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Cases

Chapter Two: A World of Actors

  • 1928 Danzig Railway Case
  • 1948 Reparations for Injuries Suffered in the Service of the UN
  • 1970 Barcelona Traction Case
  • 2008 Unilateral Declaration of Independence by the Provisional Government of Kosovo

 

1928 Danzig Railway Case

 

Advisory Opinion of the PCIJ

http://www.worldcourts.com/pcij/eng/decisions/1928.03.03_danzig

Author’s Note: The Free City of Danzig’s railway employees sued their Polish employers over pay and pensions.  The PCIJ ruled a treaty between Danzig and Poland did exist but, in keeping with times, this treaty could not prescribe duties and rights for individual persons such as the Danzig railway employees.  The PCIJ said the issue over pay and pensions would have to be settled in a national court regarding the duties and rights for individuals.

1948 Reparations for Injuries Suffered in the Service of the UN

Advisory Opinion of the ICJ

http://www.icj-cij.org/docket/index.php?p1=3&p2=4&code=isun&case=4&k=41

Author’s Note: The ICJ ruled the UN has legal standing as an IGO to ask for reparations for injuries to a person in the service of the UN from the de facto state of Israel. 

1970 Barcelona Traction Case

A Contentious Case between Belgium and Spain before the ICJ

http://www.icj-cij.org/docket/index.php?p1=3&code=bt&case=41&k=4e

Author’s Note: Belgium citizens, with stock in the electric company known as Barcelona Traction, sought relief from Spain where the company was located.  The ICJ ruled the “citizenship” of Barcelona Traction was not determined by the citizenship of Belgium investors but the country where the corporation is registered.  In this case, Barcelona Traction was Canadian.

2008 Unilateral Declaration of Independence by the Provisional Government of Kosovo

 

Advisory Opinion of the ICJ

http://www.icj-cij.org/docket/index.php?p1=3&p2=4&code=kos&case=141&k=21

Author’s Note: A unilateral declaration of independence in February 2008 by the provisional government of Kosovo set in motion questions about whether Kosovo could proceed this way to become an independent state from Serbia (of the former Yugoslavia).  Kosovo, populated mostly by people of Albanian descent, had previously suffered many widespread, inhumane acts from the Slavic controlled government of Serbia.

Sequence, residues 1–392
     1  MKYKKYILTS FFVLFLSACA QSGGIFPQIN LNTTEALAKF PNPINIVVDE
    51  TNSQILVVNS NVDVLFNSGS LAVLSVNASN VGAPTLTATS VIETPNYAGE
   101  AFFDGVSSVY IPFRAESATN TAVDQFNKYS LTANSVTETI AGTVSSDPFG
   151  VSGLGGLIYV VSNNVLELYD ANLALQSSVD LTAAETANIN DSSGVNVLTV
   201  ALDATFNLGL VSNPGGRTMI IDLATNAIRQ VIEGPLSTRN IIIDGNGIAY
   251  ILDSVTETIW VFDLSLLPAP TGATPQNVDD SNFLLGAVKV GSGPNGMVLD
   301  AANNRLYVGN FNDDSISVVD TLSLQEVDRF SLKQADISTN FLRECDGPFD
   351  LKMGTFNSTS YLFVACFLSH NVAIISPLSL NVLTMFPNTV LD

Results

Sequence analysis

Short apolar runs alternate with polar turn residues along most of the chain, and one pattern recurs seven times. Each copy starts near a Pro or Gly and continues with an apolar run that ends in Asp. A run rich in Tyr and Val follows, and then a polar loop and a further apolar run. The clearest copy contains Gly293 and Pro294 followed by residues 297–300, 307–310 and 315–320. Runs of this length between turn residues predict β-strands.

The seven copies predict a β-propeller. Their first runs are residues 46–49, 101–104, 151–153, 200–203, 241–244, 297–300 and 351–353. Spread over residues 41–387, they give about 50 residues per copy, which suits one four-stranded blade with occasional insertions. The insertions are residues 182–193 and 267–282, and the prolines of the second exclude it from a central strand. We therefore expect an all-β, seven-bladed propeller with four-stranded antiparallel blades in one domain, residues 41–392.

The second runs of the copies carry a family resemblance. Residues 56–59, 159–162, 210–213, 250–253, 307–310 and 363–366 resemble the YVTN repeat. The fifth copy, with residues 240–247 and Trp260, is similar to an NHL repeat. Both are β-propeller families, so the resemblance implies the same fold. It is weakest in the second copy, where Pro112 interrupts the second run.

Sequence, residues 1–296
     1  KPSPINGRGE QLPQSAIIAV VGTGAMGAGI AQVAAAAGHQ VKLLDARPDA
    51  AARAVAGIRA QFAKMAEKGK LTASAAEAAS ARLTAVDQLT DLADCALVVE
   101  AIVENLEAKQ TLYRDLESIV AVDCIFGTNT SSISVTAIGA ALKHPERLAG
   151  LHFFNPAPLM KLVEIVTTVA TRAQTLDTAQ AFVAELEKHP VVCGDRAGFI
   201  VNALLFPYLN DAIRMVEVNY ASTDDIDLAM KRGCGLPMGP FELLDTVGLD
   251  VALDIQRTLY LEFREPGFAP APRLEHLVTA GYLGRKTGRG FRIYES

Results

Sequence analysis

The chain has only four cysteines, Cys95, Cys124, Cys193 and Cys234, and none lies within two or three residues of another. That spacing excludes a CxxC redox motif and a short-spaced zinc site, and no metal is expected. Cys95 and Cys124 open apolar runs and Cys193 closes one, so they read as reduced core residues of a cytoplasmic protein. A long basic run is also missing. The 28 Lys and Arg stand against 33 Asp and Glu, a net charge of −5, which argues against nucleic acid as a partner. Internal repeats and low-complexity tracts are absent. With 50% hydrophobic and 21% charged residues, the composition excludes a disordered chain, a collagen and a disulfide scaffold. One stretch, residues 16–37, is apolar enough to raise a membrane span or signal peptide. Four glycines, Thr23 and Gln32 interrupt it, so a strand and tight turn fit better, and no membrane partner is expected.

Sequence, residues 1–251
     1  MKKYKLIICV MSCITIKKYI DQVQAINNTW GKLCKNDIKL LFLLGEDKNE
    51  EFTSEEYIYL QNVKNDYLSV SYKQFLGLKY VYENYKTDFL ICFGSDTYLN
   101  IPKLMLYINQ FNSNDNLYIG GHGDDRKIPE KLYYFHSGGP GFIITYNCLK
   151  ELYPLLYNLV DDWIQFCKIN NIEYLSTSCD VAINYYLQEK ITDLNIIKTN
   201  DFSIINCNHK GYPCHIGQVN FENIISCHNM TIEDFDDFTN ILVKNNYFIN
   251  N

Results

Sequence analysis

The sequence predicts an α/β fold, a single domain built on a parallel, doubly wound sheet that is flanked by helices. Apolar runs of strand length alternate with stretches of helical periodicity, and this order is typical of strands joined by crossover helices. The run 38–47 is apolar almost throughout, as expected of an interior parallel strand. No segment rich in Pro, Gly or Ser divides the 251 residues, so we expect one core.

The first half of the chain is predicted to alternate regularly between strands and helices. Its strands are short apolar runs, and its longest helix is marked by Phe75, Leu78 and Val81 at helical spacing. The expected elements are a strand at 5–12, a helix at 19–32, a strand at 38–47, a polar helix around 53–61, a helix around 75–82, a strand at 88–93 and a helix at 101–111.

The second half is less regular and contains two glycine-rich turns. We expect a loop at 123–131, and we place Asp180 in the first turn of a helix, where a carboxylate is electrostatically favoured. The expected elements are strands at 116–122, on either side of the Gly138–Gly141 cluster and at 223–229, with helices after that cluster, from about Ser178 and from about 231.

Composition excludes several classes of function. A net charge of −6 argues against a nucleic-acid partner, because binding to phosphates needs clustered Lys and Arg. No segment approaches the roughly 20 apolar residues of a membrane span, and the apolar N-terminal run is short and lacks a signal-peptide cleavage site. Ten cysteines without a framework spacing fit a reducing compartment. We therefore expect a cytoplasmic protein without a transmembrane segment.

Chapter Three: Sources of International Law

  • 1967/69 North Sea Continental Shelf Case between Germany and Denmark/Netherlands
  • 1972 Fisheries Case

 

1967/69 North Sea Continental Shelf Case between Germany and Denmark/Netherlands

 

A Contentious Case before the ICJ

http://www.icj-cij.org/docket/index.php?p1=3&p2=3&code=cs2&case=52&k=cc

and

http://www.icj-cij.org/docket/index.php?p1=3&p2=3&code=cs&case=51&k=e2

Author’s Note:  Germany had signed but not ratified the 1958 Geneva Convention on the Continental Shelf, the rules of which would award more of an adjacent continental shelf to Denmark and the Netherlands than to Germany.  The ICJ ruled enough countries had not ratified the convention to create customary law for non-parties to the convention.  The ICJ used an equity principle of fairness that provided Germany with a larger share of the shelf than this state would otherwise receive. 

1972 Fisheries Case

A Contentious Case between Iceland and Great Britain (UK) and also Germany

http://www.icj-cij.org/docket/index.php?p1=3&p2=3&code=ai&case=55&k=9d

Author’s Note: Based on an exchange of diplomatic notes, Britain agreed to Iceland extending its fishing waters from three to 12 miles.  Britain, however, wanted an agreement to refer any dispute to the ICJ.  When Iceland extended the limit to 50 miles, claiming substantial change in rebus sic stantibus regarding fishing conditions, Britain took the case to the ICJ and won.  Later in 1982, the LOS gave each coastal state a 200 mile Exclusive Economic Zone.

Chapter Four: The Efficacy of International Law

1920 Missouri v. Holland

1924 Asakura v. City of Seattle

1920 Missouri v. Holland

A Case before the U.S. Supreme Court

http://supreme.justia.com/us/252/416/

Author’s Note:  A treaty by the U.S. with another country trumps policy of a component state within the U.S. federal system.  The U.S. agreement with Canada on migratory birds was applicable to the whole of the U.S., and not just those federal states willing to agree.

1924 Asakura v. City of Seattle

A Case before the U.S. Supreme Court